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Rennie's engineering masterpiece to the west of Devizes, on the Kennet and Avon Canal is Caen Hill Locks. It consists of twenty nine locks, sixteen close together in a straight line ascending Caen Hill to overcome a rise of 237 feet (72 metres) from the Avon valley to the town of Devizes.

Large clay deposits found on Caen Hill when the locks were being built provided raw material for the brick making industry in the locality.

The locks were opened to commercial traffic in 1810. Nineteen years later the canal company, who owned a nearby gasworks, put up gas lighting so the canal would be navigable 24 hours a day.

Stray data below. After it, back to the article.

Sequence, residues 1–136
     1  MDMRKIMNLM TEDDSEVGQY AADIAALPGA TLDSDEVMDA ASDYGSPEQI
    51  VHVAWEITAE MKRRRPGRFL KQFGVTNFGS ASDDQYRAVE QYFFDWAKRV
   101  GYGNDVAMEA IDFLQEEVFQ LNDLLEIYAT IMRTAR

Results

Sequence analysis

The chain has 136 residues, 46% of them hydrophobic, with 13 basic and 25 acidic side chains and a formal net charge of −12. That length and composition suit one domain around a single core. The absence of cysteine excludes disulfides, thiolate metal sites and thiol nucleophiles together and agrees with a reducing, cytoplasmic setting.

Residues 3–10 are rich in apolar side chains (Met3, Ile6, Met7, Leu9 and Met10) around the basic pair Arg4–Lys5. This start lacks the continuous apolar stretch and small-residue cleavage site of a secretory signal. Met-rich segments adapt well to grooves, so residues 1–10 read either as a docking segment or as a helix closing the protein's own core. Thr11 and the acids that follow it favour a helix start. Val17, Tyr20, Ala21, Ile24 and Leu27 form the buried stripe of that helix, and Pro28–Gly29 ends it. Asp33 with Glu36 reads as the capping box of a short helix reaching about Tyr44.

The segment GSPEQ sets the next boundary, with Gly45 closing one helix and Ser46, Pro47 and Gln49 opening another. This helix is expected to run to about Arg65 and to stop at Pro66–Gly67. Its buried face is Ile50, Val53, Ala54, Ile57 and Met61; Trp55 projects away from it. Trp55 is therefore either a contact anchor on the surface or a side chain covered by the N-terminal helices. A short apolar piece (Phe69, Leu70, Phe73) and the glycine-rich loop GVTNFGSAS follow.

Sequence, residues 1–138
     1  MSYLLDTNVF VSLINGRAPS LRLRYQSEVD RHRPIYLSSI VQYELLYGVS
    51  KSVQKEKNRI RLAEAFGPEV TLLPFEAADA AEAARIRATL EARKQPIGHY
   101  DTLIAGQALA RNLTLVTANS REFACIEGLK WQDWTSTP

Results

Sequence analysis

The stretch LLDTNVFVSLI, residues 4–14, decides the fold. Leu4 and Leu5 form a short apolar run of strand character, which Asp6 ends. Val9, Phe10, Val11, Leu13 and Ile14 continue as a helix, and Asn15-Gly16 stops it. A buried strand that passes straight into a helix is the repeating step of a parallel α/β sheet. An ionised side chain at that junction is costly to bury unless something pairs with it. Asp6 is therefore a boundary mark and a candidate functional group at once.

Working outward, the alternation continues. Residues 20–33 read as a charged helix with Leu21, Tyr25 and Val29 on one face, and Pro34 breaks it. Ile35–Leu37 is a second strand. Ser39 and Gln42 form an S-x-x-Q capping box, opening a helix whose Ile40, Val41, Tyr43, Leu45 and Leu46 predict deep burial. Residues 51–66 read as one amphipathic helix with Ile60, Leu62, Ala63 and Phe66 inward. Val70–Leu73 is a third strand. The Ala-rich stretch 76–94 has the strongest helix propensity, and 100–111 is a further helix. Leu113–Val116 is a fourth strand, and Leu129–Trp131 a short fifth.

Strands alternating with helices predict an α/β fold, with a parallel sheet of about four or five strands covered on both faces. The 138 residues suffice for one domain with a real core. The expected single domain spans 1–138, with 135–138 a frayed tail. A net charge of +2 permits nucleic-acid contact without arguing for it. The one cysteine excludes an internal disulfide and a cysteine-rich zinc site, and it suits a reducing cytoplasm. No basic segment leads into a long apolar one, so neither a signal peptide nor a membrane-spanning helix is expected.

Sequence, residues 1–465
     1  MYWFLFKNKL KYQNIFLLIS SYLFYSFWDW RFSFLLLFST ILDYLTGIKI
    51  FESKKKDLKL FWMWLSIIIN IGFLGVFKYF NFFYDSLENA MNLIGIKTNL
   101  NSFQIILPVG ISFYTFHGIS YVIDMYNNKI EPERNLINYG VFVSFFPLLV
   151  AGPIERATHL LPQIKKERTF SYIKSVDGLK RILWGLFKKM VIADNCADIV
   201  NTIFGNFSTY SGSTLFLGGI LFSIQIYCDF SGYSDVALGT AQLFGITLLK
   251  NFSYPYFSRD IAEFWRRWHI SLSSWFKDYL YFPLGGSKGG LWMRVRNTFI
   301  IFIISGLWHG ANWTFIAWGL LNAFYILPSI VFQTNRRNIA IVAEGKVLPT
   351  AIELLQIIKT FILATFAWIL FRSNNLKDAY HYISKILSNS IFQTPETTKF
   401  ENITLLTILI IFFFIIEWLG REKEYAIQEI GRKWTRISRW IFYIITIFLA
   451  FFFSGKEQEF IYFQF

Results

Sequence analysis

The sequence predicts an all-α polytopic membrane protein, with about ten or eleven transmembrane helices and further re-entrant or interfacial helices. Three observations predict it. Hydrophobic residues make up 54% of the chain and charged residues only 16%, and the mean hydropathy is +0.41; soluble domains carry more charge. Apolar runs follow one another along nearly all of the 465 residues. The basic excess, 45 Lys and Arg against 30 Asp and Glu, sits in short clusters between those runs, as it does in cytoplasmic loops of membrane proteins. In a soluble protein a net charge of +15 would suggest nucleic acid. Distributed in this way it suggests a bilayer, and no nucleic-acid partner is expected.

Left to die in 1951, they became the centre of restoration and the focal point of the reopening by Queen Elizabeth in 1990.

Caen Hill Locks, Devizes

 Looking westwards down the central flight of 16 locks at Caen Hill, Devizes. There are 29 locks altogether in just over 2 miles here, on the Kennet and Avon Canal west of Devizes.

  © Copyright Martin Clark and licensed for reuse under this Creative Commons Licence

The derelict Caen Hill flight in 1977

This is taken looking upwards from the middle of the Caen Hill flight of locks, and shows the lamentable state of these locks before their restoration.

  © Copyright Dr Neil Clifton and licensed for reuse under this Creative Commons Licence

Narrow boats leave an upper lock at the top of the Caen Hill flight

© Copyright Sarah Charlesworth and licensed for reuse under this Creative Commons Licence